Before Islam began, there were five main centers of Christianity: Rome, Constantinople, Alexandria, Antioch, and Jerusalem.
As Islamic warriors conquered the Middle East and North Africa, three of those centers were lost. Most of what was once "the Christian world" became what is now "the Muslim world."
Two of the centers of Christianity remained, and one of them was the new Islamic target: Constantinople (now known as Istanbul). Constantinople was a huge walled city, and it was being threatened by the now powerful Islamic empire.
Constantinople's emperor pleaded to Rome for help.
Rome needed to somehow unite the quarrelling, constantly competing countries of Europe in order to defend Constantinople. But how? The only thing the European countries had in common was Christianity, so that was what the Pope used for his call to action. "Christianity is being threatened," he said. Jerusalem is in the hands of Muslims. Their "Christian brothers" who made pilgrimages to Jerusalem were being slaughtered. "Constantinople has cried out to us for help. We must save Christianity."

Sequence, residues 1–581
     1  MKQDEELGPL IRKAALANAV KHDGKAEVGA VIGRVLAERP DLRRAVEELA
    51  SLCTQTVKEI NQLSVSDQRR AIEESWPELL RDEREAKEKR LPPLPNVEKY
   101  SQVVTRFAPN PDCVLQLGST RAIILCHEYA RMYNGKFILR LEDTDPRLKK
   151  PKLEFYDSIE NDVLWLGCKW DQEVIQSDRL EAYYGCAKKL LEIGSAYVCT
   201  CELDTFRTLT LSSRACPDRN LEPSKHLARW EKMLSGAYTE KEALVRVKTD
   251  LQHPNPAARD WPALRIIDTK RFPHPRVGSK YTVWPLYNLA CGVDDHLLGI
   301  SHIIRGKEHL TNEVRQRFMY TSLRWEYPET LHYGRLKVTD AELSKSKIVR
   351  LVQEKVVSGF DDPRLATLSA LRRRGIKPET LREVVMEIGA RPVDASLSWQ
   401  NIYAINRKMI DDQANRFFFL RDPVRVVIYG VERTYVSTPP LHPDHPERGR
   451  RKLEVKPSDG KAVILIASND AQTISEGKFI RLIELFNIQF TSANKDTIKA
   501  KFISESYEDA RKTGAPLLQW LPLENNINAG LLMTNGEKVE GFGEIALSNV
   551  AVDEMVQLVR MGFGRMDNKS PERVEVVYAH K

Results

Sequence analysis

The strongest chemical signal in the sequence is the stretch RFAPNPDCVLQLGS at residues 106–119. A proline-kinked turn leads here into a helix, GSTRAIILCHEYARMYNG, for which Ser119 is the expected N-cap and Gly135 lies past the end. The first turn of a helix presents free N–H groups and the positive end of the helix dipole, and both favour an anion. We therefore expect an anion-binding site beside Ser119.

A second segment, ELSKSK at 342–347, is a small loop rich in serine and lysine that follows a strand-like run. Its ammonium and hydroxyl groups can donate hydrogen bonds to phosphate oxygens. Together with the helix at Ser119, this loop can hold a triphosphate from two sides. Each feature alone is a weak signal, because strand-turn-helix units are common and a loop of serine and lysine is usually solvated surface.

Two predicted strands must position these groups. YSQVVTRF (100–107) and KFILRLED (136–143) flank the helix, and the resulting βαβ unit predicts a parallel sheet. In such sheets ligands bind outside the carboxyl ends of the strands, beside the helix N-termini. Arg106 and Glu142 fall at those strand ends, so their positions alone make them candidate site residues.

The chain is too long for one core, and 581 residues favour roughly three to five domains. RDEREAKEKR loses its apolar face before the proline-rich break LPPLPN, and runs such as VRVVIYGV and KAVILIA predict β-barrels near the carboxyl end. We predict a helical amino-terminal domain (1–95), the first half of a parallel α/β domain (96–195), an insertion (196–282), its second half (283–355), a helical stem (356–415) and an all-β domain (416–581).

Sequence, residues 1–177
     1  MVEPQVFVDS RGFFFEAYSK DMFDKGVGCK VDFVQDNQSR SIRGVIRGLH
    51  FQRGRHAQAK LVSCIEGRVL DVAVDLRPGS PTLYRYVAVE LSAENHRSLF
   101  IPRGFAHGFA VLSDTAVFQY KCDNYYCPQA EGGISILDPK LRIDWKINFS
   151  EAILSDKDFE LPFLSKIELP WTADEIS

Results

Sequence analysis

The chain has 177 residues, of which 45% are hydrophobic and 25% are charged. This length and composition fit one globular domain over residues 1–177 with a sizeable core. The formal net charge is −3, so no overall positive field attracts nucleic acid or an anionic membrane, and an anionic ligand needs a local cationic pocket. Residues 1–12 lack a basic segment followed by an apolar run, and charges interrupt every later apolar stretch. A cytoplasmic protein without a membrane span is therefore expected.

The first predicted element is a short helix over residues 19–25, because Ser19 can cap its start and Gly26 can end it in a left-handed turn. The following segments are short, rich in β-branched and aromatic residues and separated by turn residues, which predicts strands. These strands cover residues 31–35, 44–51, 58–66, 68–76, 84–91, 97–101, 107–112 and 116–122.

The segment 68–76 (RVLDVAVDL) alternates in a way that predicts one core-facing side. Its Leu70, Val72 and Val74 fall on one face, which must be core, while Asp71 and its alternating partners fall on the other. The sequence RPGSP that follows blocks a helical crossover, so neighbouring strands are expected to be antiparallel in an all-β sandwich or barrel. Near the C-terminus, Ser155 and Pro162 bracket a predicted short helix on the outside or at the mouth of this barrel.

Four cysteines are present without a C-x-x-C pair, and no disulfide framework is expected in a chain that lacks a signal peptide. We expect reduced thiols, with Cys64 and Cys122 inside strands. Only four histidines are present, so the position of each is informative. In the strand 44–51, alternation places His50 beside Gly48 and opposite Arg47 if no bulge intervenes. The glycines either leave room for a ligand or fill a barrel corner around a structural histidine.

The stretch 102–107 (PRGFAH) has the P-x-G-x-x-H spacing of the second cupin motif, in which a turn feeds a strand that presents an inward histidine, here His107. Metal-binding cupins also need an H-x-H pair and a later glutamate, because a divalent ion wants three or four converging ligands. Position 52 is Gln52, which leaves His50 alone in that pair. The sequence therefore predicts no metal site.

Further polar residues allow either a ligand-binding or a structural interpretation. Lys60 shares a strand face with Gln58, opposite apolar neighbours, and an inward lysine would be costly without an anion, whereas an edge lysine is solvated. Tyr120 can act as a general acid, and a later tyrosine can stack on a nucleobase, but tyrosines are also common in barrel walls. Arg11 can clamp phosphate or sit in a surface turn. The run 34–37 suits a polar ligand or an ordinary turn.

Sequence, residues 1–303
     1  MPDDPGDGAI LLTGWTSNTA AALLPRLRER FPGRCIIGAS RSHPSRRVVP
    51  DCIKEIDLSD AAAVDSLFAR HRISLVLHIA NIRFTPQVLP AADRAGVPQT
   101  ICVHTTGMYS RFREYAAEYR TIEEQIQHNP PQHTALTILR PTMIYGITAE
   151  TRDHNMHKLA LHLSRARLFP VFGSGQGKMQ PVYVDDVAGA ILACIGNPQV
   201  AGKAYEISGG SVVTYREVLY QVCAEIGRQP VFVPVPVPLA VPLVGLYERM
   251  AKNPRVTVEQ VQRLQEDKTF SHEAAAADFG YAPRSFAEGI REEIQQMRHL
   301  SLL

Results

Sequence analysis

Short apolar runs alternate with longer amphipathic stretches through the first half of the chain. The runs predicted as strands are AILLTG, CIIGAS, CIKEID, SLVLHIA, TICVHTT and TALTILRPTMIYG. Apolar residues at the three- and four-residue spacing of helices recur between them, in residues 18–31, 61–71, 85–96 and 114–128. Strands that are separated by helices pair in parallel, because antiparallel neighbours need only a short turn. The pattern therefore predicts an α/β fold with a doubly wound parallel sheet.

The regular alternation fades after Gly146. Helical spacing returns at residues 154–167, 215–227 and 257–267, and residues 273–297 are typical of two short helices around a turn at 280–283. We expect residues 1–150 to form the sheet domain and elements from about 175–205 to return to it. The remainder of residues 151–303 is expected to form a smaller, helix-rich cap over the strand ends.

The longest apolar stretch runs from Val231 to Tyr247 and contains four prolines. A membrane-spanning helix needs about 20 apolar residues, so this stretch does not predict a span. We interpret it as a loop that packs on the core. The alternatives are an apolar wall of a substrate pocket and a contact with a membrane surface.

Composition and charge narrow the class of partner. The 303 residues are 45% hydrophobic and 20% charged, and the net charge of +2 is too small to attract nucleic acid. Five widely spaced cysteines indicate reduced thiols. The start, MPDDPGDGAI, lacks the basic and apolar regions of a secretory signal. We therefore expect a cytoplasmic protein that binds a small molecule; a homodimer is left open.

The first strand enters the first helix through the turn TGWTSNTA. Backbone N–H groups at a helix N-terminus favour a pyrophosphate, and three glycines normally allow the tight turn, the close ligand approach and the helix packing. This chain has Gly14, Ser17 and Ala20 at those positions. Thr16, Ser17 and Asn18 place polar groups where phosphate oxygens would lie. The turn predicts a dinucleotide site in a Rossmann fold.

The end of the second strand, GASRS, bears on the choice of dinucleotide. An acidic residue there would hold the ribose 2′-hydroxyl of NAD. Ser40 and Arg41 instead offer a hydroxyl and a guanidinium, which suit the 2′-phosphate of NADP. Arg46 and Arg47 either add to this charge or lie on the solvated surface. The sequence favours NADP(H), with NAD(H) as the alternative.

The appeal worked. People from many European countries put aside their differences and joined in the defense of their culture.
Several Crusades were organized over the next two hundred years. They didn't save Constantinople, but they did slow down the conquering forces so that Rome and Europe mostly survived. I say "mostly" because Italy and Spain were invaded by Muslim armies and Spain was conquered by Islamic forces for 800 years.
Spain finally re-conquered their own country in 1492, the same year Christopher Columbus "discovered" America while he was trying to find a new trade route to the East (the old trade route had been cut off by the Muslims who had conquered the Middle East and didn't want any infidels travelling through their territory).
The Crusades began as a response to a call for help because Muslim armies had conquered most of what had formerly been "the Christian world" and were threatening what was left of it with annihilation.
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